|Justice Minister Selakovic (centre). Photo: Beta.|
Five Serbian rights organisations on Wednesday accused Selakovic of using “unconstitutional and unlawful political criteria” when selecting candidates for prosecutors’ positions.
The rights groups complained after Selakovic said on Monday that the government could not put forward its opponents for public prosecutors’ jobs.
“I would be a complete political masochist if the people on the list were completely opposed to the government… but that does not change the fact they are the best candidates,” Selakovic said.
The rights activists said this discredited the appointment process.
“With such an action, Serbia’s minister of justice has violated the independence of the public prosecution as guaranteed by the constitution, as well as the legislative guarantees of independence in their work,” said a statement from the five NGOs, the Humanitarian Law Centre, Centre for Practical Policy, Helsinki Committee for Human Rights, Belgrade Centre for Human Rights and Youth Initiative for Human Rights.
But Selakovic told Tanjug news agency their claims were untrue and that his words were “taken out of context”.
The Serbian parliament on Monday elected Mladen Nenadic as the new chief prosecutor for organised crime.
But parliament failed to elect a new chief prosecutor for war crimes because none of the five candidates attracted the required majority.
It is expected that Serbian public prosecutor Zagorka Dolovac will name the acting head of the war crimes prosecutor’s office by the end of the year.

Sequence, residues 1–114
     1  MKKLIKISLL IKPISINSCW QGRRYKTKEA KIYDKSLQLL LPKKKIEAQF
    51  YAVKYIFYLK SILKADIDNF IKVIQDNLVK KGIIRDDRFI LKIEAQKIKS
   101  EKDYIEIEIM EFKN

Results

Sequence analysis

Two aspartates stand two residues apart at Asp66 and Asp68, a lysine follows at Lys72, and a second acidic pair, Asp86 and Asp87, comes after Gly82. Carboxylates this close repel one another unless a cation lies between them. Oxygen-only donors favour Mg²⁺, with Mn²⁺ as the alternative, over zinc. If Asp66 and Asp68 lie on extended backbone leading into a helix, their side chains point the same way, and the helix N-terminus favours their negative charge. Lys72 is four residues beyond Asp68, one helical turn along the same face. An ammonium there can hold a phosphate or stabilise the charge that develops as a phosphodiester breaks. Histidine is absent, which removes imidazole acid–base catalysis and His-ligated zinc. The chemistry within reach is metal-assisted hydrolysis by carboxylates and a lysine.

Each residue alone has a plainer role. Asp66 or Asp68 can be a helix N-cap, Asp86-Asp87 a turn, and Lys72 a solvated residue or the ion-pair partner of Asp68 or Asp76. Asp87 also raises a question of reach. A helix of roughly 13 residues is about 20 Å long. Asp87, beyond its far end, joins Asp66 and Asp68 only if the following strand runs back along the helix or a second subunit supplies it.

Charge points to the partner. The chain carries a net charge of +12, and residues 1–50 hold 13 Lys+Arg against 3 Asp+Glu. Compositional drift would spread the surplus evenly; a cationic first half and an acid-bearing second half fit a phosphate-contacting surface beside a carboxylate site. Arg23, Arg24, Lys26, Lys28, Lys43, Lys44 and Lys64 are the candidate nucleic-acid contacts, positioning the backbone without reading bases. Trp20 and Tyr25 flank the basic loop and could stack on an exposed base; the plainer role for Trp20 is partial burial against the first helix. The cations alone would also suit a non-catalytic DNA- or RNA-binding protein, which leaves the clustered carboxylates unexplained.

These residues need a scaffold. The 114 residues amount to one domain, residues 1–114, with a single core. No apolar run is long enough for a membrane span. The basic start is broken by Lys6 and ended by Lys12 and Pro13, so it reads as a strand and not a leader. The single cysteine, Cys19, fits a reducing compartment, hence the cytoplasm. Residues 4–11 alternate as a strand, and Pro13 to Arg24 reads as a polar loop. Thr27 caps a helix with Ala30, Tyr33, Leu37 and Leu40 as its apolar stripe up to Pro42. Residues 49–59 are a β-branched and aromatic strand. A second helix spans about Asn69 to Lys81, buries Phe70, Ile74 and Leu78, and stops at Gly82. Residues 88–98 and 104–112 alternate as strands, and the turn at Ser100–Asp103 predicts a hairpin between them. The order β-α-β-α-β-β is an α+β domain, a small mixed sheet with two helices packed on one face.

During the long parliamentary session, the opposition criticised the government for what it claimed was a lack of clear criteria for the election of public prosecutors, alleging that their political suitability was the only important factor.
The five NGOs meanwhile called for the election of the prosecutors to be held again “in the accordance with constitutional and legal principles”, and said Selakovic should be sacked.
The two prosecution positions – war crimes prosecutor and prosecutor for organised crime – are considered key roles in the Serbian judicial system because both deal with high-profile and sensitive cases.
Judiciary reform is one of the main conditions for Serbia joining the EU and it is a part of chapter 23 of the negotiating process which began this month.
The European Commission stressed in its latest report on Serbia in November that the country had made some steps towards judicial reform but more progress was needed to tackle political influence.
The quality and efficiency of the judiciary and access to justice are also hampered by “an uneven distribution of workload, a burdensome case backlog and the lack of a free legal aid system”, the report said.